The deficit forecast by the government during the preparation of the 2022 Budget is R$ 54.8 billion for the consolidated public sector (which includes the Union, states and municipalities) — an amount that can be helped by higher revenues, but can be harmed by electoral measures (such as readjustments for civil servants).

In the limit, they argue, the government cannot risk the fiscal target for the year (which allows for a bigger hole, of up to R$ 177.5 billion for the public sector).

The tax waiver adds pressure to public accounts in what will be the country’s ninth year in the red. The forecast is that Brazil’s debt will grow to R$ 6.4 trillion in 2022 and face higher financing costs in the face of rising interest rates and uncertainties with the domestic and international scenarios.

Juliana Damasceno, economist at Tendências Consultoria and research associate at FGV Ibre (Brazilian Institute of Economics at the Getulio Vargas Foundation), says that tax cuts are less of a concern this year than at other times because of the increase in revenue — but that, even so, the measures generate alerts.

This is because, she says, the increase in public revenues has resulted, as in the past year, from conjunctural effects – such as the advance of inflation and the increase in the price of oil (which inflates earnings from royalties).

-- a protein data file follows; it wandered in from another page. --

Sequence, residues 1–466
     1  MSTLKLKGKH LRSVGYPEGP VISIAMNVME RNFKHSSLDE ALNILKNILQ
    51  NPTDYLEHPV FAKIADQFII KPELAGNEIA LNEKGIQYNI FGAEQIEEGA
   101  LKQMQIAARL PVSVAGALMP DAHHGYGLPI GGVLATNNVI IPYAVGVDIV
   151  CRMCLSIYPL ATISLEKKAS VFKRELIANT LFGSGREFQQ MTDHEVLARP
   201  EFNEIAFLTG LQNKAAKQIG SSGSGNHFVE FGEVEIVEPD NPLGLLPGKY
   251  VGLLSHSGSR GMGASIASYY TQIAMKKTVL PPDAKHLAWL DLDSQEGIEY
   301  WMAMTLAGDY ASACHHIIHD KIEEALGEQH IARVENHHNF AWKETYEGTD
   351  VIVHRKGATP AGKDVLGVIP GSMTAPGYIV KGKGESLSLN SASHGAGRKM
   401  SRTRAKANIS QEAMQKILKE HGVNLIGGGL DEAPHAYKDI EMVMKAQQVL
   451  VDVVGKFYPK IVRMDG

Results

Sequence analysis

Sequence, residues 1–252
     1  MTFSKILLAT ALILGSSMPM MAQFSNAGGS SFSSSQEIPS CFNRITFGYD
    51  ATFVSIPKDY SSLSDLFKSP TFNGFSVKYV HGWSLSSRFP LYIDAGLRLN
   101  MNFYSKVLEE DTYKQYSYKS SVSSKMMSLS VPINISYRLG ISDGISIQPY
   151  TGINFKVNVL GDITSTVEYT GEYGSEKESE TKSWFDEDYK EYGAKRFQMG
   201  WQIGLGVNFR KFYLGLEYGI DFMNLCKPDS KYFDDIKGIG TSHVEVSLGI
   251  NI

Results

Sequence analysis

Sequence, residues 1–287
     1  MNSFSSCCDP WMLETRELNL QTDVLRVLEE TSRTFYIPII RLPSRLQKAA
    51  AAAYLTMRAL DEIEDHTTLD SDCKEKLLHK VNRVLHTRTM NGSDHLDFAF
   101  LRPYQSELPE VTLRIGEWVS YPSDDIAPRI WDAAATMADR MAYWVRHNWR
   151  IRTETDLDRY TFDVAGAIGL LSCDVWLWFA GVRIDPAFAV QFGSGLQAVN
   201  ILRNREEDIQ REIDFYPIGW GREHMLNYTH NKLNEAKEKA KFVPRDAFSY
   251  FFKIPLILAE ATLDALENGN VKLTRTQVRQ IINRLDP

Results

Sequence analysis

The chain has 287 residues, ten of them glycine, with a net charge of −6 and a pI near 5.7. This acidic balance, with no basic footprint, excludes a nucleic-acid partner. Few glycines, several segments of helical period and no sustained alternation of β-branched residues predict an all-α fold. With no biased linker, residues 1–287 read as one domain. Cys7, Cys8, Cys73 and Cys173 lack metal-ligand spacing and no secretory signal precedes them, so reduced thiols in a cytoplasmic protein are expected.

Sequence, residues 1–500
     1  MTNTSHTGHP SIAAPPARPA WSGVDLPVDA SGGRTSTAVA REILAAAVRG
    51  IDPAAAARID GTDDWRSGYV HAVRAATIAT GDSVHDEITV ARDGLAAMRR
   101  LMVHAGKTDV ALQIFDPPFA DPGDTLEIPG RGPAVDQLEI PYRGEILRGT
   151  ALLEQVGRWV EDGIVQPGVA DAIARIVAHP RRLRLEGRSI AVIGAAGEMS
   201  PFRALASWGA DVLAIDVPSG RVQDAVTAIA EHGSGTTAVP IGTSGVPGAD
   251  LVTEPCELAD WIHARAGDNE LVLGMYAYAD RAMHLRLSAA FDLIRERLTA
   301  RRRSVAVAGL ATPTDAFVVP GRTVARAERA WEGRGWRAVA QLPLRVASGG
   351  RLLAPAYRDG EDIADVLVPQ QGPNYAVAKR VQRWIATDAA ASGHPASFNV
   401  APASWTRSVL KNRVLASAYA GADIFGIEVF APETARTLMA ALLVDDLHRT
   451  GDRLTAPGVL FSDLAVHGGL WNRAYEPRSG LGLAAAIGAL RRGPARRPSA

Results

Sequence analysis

The risk is that there will be a time when public revenue will no longer benefit from these factors and the country will need to re-discuss the measures adopted now – which will be a difficult task, given that companies easily “get used” to taxes. lower.

“It is difficult to reonerate. The payroll tax exemption, for example, has been difficult to reverse because companies say that, if taxes rise, they will have to lay off people en masse”, he says.

The exemption from the payroll was extended through a project approved by Congress and sanctioned by Bolsonaro. Created in 2011, it was supposed to end in 2021 – but it was extended until 2023 due to pressure from entrepreneurs.

Damasceno recognizes that measures such as tax cuts are an attempt to improve the lives of the population in a troubled scenario, but says that there will not necessarily be an effect because companies would need to feel that the reduction will be sustainable to pass it on. “There is a possibility that we won’t see it reach the end consumer,” he says.

Another effect commented on by Guedes, that of re-industrializing the country by cutting the IPI, is also viewed with skepticism. “Nobody invests with a high interest rate like ours. A speech like this is very disconnected from reality”, he says.

Impact of measures

measure Annual impact, in BRL billion
Cut PIS/Cofins and ICMS on diesel, biodiesel and cooking gas (2022 only)* 28.2
25% cut in IPI* 20
One-third cut in ocean freight tax** 4
IOF reduction on foreign exchange transactions 2.7***
Zero Cide for remittances abroad** 1.615
Income Tax Cut for Foreigners** 0.45
Tax cut for jet ski, balloons and other products government did not calculate
Additional cut in IPI** still no number
Import tariff cuts** still no number
IOF cut for micro-enterprises in credit programs** still no number
Source: Ministry of Economy and IFI. *Impact felt partly by the Union and partly by states and municipalities. **Measure in preparation. ***Calculation of the average annual impact between 2023 and 2029 (the measure generates an increasing impact in this period until reaching R$ 7.7 billion from 2029 onwards).